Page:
This paper will discuss how information ownership within banking context operates with a view of ensuring that sharing the flow of data is done with responsibility and cleanliness. The paper begins by looking at how information and communication technology is being used within the banking division and then moves on to examine how this information is processed, owned and protected through the bank’s computer systems. Generally, banks depend on data to provide services. Information can be gathered through phone, emails, writing of letters or application forms and/or physical contacts. Once this information has been acquired and stored into the bank’s information system, such as a database or paper file, it becomes the property of the bank. The access to the information is then restricted to only those who are authorized to handle such information and can only be shared with others in the same capacity. When such unauthorizations are made, an organization must be able to determine the cause of the problem and who is accountable for ensuring the quality of that information (Hagg & Cummings, 2013).
Use of information within the banking sector: The evolution of information, computing technologies and digital technologies has contributed to the rise of e-commerce and online services within the inventory management in most firms, sectors and industries. Banks have incorporated the information and communication technology system like e-commerce, as part of business structure, to globalize their business services and operations. The incorporation of digital technologies and ICT system continues to have a growing impact on the delivery of services and products for most banks. These services include e-commerce and marketing, online banking, account opening and operations, foreign exchange and customer services.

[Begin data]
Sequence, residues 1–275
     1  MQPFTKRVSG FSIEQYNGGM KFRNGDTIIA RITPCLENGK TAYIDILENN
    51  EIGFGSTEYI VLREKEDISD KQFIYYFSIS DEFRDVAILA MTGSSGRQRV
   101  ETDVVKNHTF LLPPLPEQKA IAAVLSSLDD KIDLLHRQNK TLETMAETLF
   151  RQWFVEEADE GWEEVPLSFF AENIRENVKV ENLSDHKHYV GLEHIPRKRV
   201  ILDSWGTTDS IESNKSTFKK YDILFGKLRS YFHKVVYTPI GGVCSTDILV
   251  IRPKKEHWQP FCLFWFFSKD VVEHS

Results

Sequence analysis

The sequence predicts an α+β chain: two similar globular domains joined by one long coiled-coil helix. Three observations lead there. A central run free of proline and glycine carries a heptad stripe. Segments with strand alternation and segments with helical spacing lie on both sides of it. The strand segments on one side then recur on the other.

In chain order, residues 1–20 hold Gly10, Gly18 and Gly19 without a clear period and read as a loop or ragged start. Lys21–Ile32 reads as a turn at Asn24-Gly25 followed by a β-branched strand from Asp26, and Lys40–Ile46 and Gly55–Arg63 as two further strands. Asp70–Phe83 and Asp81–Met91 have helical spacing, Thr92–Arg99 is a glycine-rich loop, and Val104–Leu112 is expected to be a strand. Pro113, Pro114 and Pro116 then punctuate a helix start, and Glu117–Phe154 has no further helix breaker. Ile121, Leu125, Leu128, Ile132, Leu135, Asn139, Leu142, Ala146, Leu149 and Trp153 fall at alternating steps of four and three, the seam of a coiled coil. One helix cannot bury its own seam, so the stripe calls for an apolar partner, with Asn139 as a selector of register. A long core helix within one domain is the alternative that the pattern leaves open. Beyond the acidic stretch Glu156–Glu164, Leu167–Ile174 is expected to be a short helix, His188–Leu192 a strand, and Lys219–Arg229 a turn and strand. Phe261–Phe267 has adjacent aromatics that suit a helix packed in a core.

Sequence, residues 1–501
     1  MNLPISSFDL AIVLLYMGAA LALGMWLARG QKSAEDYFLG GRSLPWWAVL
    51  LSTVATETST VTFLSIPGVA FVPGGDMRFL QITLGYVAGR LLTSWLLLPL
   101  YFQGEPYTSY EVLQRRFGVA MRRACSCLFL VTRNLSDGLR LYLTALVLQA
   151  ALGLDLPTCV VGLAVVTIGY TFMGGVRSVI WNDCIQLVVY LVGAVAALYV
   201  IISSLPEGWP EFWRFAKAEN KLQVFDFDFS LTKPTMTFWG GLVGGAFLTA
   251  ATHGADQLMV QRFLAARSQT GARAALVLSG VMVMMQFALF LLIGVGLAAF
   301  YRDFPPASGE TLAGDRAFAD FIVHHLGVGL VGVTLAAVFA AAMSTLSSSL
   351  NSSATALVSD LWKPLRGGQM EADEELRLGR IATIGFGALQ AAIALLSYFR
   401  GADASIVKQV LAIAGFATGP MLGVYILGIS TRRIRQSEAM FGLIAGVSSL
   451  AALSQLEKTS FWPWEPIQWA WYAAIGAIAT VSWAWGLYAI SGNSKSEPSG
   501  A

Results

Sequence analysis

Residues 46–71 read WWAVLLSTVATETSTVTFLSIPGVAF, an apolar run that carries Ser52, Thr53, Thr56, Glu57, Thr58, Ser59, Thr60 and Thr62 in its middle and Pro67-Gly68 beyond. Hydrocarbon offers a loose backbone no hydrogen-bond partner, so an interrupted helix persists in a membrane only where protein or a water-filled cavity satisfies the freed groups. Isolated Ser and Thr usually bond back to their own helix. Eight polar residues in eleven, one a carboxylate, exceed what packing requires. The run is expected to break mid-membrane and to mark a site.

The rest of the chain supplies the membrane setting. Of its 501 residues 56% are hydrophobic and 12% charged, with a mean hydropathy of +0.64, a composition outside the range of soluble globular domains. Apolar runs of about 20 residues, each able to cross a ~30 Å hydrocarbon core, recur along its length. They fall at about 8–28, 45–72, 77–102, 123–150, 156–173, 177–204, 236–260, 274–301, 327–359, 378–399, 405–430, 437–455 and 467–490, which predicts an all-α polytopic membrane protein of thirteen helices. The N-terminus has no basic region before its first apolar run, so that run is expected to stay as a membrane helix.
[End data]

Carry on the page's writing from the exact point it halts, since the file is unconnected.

Information technology is a crucial factor in banks’ inventory management, flow of information and communication with the clients, partners and staff members. Banks operate through networked system such as Intranet and inventory control. Core banking software is used to link any customer to their account regardless of which bank they go to. Their database makes it easy for a customer to access their account online or at an ATM. Banks have invested heavily in e-commerce solutions and incorporated the ICT along with digital technologies in order to develop their products, and also to serve their clients both locally and globally in an efficient way. The ICT system has proved effective in the banks’ business systems characterized, by the way, of streamlining the stored data, the use of IT solutions in the inventory processes and automating its business operations. In most cases, the information systems are networked within the banks’ internal operations and units and can only be managed by right personnel from the customer service personnel to the senior managers. Sharing information and security matters: The ownership and control of this information are key factors in managing of data, which can be kept in the form of both hard copies and soft copies. Banks collect personal information when the customer opens an account or loan. Some of the client’s information that is owned by the banks include bank statements, credit card information and pin numbers, which the bank has to protect at all costs to make sure they do not fall into wrong hands. Regardless of the benefits of operating the banking services through Internet and digital technologies, it can be argued that the ICT has limits and challenges too. Sometimes the computer systems can crash and lose all the data stored in them due to possible database errors; sometimes they can be hacked by cybercriminals and hackers who steal the clients’ information and identities. The smooth running of such internet connectivity and the networked computer system requires staff members to have adequate know-how or knowledge in operating them.